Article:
"To err is human..." – Alexander Pope
Making mistakes is a natural part of being human, but not an acceptable part of business communications with sensitive customer data, managed manually by your employees. Manual processes expose your business to the potential risk of human error with differing levels of severity. The more complex the business rules, the more likely a mistake will occur.
Fully automating your document workflow is a perfect way to optimize efficiency and mitigate errors. Our upcoming study, How Automation Impacts Document Workflow, examined the time savings and the error rate associated with three different levels of automation: Manual Processing, Partial Automation and Full Automation
The study revealed that moving from manual processes to full automation both optimized time and reduced errors - a win-win for any organization. The chart below reflects the time and error data compiled from all scenarios.
However, partial automation expanded the error rate due to the compounding nature of automation. The manual part of the task combined with the automated component turns one simple human error into multiple errors or “compounding errors.”
It is also important to note any time saved by automating the inserting process would be eroded by error remediation efforts.
Compounding errors are multiple errors that stem from one single human error. For example, if an employee manually separated a stack of invoices into different batches separated by page count and accidentally co-mingled invoices, by putting a 5-page invoice into a 3-page stack then manually placed the stack into the folder inserter.
In the above example, each customer would receive portions of another customer’s invoice instead of a complete version of their intended document. This mistake would result in a customer who should have received a 5-page invoice to receive only 3 pages. Consequently, the next customer would receive the remaining 2 pages of the other customer’s 5-page invoice and only 1-page of their invoice. Unfortunately, every subsequent customer invoice (in that 3-page stack) would be out of sequence. This is considered a High Impact error. Below are three different error types as they pertain to customer dissatisfaction:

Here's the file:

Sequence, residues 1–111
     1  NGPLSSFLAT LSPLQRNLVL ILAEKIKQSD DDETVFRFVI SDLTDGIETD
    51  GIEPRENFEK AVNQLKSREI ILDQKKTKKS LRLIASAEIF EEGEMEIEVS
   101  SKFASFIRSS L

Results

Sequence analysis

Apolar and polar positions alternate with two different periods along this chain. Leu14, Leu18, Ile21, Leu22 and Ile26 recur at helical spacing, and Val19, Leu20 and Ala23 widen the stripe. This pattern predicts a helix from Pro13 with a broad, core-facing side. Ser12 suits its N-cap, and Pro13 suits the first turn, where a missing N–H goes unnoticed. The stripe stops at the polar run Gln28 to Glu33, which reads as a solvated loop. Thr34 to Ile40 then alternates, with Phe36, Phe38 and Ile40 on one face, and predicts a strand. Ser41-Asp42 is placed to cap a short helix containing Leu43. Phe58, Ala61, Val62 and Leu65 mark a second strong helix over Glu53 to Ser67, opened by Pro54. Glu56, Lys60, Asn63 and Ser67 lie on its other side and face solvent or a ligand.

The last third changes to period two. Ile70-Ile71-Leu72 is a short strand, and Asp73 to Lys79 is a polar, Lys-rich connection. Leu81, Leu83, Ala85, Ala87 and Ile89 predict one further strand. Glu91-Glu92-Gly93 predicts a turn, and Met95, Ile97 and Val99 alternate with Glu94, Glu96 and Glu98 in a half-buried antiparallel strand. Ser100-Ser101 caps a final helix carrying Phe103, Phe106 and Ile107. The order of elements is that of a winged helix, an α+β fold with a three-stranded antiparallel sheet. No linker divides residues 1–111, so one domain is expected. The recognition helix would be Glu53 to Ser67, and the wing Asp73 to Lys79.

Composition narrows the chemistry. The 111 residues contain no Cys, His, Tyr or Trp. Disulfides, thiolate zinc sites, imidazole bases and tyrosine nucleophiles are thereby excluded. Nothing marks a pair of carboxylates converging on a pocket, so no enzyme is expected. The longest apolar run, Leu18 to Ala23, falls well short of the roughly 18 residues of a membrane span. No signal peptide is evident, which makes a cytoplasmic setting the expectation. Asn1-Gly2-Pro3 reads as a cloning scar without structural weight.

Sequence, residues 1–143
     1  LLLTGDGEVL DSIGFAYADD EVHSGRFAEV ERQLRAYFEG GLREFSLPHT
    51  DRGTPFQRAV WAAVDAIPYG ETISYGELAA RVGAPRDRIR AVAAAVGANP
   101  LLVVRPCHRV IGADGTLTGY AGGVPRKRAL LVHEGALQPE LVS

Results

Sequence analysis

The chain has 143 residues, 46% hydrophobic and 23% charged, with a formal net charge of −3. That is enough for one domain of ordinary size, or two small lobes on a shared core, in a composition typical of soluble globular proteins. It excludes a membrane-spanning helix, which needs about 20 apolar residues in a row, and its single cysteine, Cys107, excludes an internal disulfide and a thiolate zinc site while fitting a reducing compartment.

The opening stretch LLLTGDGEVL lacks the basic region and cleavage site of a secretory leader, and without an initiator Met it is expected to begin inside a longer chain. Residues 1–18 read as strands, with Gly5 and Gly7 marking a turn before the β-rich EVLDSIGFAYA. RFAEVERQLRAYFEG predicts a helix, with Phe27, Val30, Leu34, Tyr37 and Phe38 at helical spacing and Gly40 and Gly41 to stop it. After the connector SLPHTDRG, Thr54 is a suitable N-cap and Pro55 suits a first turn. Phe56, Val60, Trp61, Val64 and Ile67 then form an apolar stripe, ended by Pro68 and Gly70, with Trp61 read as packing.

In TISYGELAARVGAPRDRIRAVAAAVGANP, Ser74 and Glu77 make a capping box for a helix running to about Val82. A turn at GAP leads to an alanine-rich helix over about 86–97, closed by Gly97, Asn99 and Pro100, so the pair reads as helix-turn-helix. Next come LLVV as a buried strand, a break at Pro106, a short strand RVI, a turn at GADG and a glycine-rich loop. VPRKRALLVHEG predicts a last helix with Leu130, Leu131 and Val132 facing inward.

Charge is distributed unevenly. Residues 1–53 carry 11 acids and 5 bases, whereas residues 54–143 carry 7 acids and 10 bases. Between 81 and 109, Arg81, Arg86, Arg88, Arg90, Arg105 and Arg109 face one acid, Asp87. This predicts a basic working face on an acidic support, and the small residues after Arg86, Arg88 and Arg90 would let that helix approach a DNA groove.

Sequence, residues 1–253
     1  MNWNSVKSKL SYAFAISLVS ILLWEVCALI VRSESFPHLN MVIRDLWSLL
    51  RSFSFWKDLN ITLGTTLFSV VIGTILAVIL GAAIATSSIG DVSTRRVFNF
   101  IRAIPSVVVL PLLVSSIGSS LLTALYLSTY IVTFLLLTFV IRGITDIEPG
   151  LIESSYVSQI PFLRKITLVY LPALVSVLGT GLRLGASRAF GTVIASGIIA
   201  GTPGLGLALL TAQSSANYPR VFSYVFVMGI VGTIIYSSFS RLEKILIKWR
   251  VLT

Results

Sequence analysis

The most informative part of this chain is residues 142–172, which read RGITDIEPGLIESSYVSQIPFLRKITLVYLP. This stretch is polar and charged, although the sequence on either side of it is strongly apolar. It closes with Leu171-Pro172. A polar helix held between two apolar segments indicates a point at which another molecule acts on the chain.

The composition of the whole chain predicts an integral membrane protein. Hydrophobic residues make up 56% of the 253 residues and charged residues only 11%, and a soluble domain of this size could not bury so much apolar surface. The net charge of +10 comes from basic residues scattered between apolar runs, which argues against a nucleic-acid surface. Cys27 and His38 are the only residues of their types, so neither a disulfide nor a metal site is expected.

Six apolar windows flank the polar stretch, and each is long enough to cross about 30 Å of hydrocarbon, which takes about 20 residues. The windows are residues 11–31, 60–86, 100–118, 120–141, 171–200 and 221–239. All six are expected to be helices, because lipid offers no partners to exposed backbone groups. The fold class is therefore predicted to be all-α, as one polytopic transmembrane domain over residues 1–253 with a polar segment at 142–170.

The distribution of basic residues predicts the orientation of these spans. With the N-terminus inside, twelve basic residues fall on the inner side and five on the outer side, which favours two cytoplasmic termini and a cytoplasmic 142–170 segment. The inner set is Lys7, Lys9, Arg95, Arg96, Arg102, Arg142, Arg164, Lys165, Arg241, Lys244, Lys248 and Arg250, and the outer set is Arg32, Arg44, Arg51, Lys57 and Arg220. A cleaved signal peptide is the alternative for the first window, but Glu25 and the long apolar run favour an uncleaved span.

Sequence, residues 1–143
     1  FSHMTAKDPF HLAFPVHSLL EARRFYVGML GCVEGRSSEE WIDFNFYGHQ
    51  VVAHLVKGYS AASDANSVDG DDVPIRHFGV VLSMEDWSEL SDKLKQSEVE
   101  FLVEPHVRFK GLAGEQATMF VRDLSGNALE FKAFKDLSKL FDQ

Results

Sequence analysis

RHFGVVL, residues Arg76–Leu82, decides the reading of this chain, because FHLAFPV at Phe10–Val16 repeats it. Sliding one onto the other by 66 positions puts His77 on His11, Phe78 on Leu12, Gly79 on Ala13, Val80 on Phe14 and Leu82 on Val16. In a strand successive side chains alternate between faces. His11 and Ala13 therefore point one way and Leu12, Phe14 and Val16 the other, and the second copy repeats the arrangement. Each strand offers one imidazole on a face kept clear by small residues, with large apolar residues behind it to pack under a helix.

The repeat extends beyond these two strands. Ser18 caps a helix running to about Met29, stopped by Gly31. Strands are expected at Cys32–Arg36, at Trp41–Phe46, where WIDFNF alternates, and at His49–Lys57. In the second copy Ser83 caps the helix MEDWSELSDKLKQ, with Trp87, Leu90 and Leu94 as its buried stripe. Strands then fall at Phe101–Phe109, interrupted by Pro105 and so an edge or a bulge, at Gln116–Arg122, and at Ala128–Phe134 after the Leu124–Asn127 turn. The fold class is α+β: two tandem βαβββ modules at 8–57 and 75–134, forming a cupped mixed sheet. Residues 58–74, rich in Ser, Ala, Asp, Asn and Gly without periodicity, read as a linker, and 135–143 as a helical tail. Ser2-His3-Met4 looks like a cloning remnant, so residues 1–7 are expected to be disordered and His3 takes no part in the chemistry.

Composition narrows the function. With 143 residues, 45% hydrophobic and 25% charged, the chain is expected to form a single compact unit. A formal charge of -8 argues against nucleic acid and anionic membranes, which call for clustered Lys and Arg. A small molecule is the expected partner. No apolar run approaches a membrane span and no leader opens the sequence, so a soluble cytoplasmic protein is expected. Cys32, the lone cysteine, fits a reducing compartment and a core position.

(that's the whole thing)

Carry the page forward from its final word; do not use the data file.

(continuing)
Error typology and potential impact
Different error types vary significantly in terms of the impact on the customer experience not to mention security and compliance risks.
- High Impact Error - An error likely to cause customer confusion or distress. It will likely necessitate additional correspondence and time to fix the situation.
Example: Sending a customer another customer’s confidential data. This level of error runs the greatest risk of customer dissatisfaction and a potential data privacy violation.
- Medium Impact Error – An error likely to cause some customer annoyance and dissatisfaction. The error may generate the need for additional correspondence.
Example: Sending a paper invoice to a customer who has selected paperless delivery.
- Low Impact Error - An error that is unlikely to annoy or dissatisfy a customer. However, the error may add additional costs to the supplier such as wasted paper stock and postage.
Example: Sending an invoice to a zero-balance customer.
Virtually eliminate the risk of error with a fully automated outbound document process
The ideal solution to mitigate errors and prepare your business for the best outcome is to fully automate the process. In this case, document processing hardware is supplemented with barcode reading technology. The software automates business rules and applies barcodes during production to ensure the right documents always go into the right envelope. Automation software also delivers a whole host of other benefits to help you improve document integrity and security, and maximize the impact of your customer communications. Learn more about how Quadient Impress could enhance your outbound document workflow.
Join us Tuesday, July 28th at 11:00 a.m. EDT for our webinar, Does Automation Improve Employee Engagement to learn more about this subject and the findings of the study. We’ll shed some light on the the business outcomes related to applying different degrees of document automation, including the impact on employee engagement and productivity. Register here.